Pemphigoid gestationis is an intensely itchy rash that occurs only during pregnancy.
Pemphigoid gestationis is thought to be caused by abnormal antibodies that attack the body's own tissues—an autoimmune reaction. It is relatively rare.
The rash can begin as flat or raised red spots that often first form on the abdomen around the navel. Then blisters develop and the rash spreads. The blisters are small or large, irregularly shaped, and fluid-filled. The rash is extremely itchy.
The rash usually appears during the 2nd or 3rd trimester. However, it may appear earlier or immediately after delivery. Typically, the rash worsens soon after delivery and disappears within a few weeks or months. It often reappears during subsequent pregnancies and sometimes reappears if the woman later takes oral contraceptives. Occasionally, the baby is born with a similar rash, which usually disappears without treatment within a few weeks. Also, when women have this disorder, the risk that the fetus may die is increased.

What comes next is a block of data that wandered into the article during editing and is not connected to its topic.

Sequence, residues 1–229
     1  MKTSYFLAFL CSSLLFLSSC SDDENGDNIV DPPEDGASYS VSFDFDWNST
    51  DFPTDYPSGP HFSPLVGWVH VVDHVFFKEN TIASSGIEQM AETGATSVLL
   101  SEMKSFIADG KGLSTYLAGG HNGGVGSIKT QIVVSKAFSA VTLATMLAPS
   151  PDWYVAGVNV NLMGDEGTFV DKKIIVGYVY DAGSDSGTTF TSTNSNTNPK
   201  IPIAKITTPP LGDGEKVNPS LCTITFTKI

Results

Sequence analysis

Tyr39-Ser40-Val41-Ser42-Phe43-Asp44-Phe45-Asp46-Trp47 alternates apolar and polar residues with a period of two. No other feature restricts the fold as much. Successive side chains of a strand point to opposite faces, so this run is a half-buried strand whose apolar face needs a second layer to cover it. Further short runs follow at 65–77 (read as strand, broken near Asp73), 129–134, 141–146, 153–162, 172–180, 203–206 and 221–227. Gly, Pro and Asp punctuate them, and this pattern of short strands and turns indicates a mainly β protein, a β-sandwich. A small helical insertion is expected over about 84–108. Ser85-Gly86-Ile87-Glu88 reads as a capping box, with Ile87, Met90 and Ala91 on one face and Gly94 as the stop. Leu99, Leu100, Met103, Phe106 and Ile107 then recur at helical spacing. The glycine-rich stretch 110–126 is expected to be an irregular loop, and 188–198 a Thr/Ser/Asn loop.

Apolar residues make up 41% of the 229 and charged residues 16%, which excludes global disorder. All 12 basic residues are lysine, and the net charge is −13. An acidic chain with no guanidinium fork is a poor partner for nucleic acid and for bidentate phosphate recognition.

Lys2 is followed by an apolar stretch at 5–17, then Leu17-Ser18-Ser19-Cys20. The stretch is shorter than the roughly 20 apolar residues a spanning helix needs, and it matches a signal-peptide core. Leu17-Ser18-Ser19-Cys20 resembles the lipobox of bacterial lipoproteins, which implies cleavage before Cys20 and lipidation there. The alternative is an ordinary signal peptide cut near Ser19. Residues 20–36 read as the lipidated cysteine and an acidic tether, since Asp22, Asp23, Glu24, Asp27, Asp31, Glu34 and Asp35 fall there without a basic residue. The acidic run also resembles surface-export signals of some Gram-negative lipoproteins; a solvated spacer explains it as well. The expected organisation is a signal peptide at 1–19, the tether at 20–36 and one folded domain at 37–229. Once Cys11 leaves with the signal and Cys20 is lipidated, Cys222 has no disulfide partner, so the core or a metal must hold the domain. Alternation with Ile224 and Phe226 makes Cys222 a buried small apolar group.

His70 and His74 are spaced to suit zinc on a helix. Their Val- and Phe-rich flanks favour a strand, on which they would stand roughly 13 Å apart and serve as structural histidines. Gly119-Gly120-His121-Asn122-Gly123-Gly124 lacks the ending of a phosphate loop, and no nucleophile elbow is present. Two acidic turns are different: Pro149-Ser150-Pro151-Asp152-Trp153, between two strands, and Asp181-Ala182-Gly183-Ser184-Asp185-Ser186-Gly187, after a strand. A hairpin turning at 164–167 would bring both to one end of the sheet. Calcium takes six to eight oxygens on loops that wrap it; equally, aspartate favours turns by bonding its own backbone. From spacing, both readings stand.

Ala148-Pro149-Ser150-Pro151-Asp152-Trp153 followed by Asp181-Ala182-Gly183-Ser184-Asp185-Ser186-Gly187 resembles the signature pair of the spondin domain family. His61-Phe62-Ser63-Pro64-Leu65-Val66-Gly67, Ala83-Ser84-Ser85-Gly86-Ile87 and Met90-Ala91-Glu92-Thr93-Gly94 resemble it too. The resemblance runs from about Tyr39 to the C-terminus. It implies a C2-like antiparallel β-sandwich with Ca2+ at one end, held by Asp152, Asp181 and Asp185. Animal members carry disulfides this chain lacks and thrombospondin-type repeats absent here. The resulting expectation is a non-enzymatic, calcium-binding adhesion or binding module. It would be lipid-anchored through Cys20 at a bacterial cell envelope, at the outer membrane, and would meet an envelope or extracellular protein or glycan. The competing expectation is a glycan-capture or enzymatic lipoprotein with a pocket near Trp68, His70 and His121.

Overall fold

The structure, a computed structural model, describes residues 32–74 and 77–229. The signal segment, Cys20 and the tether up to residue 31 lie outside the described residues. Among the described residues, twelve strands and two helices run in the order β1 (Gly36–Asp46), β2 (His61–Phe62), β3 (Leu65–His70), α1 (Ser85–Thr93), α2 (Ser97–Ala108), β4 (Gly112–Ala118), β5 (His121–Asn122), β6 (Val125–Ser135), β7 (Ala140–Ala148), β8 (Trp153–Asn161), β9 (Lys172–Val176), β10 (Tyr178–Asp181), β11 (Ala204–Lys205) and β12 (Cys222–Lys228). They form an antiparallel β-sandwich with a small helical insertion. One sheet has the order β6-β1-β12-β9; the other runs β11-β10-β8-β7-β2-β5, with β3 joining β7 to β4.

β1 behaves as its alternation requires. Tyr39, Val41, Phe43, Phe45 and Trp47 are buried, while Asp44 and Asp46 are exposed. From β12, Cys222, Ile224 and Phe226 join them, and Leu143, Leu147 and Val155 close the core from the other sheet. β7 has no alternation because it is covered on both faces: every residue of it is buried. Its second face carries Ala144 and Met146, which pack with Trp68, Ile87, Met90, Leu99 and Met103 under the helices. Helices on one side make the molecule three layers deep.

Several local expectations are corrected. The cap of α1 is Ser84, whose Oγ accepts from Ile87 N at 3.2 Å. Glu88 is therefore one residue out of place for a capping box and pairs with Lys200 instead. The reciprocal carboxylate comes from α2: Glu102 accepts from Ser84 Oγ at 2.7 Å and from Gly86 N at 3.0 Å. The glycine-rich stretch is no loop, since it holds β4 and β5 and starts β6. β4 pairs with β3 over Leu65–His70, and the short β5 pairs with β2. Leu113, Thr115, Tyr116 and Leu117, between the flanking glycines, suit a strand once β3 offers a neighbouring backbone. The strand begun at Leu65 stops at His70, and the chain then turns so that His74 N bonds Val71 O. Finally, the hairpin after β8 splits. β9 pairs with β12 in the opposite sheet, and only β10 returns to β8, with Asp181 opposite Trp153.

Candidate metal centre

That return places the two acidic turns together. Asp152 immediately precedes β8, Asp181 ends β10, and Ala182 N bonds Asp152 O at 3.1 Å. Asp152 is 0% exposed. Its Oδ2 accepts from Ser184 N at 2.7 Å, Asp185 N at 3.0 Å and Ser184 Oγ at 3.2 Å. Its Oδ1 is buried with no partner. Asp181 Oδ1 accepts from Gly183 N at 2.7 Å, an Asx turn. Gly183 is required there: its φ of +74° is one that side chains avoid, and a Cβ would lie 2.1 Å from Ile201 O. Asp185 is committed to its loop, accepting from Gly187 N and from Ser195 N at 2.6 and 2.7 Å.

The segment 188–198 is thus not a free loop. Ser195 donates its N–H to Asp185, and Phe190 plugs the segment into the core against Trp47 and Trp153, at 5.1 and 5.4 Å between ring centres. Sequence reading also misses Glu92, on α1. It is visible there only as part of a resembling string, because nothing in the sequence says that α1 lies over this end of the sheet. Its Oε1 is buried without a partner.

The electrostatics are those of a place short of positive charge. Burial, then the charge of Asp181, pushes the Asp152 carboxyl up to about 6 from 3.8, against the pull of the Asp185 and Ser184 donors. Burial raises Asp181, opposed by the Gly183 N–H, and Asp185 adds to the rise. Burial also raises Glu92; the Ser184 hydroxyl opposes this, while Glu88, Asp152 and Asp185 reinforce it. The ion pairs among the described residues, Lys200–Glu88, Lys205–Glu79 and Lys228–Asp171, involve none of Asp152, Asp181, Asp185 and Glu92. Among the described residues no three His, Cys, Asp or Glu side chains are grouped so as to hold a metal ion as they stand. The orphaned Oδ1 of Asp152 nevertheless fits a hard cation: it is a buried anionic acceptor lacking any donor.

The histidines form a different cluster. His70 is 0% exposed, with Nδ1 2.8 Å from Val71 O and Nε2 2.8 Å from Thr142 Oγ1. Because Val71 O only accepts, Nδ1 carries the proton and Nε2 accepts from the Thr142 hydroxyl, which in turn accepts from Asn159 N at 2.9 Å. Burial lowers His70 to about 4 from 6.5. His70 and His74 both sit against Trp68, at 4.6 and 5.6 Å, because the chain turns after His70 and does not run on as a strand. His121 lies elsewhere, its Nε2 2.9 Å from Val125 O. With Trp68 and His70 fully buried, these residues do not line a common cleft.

Very rarely, the thyroid gland malfunctions in affected women.
This rash is diagnosed based on its appearance and sometimes a test for abnormal antibodies done on a tiny sample of affected skin. Tests, such as a nonstress test, ultrasonography, or electronic fetal monitoring, may be done to evaluate the fetus (see Sidebar 1: Monitoring the Fetus).
Applying a corticosteroid cream (such as triamcinolone) directly to the skin often helps. For more widespread rashes, a corticosteroid (such as prednisone) is given by mouth.
Last full review/revision August 2013 by Antonette T. Dulay, MD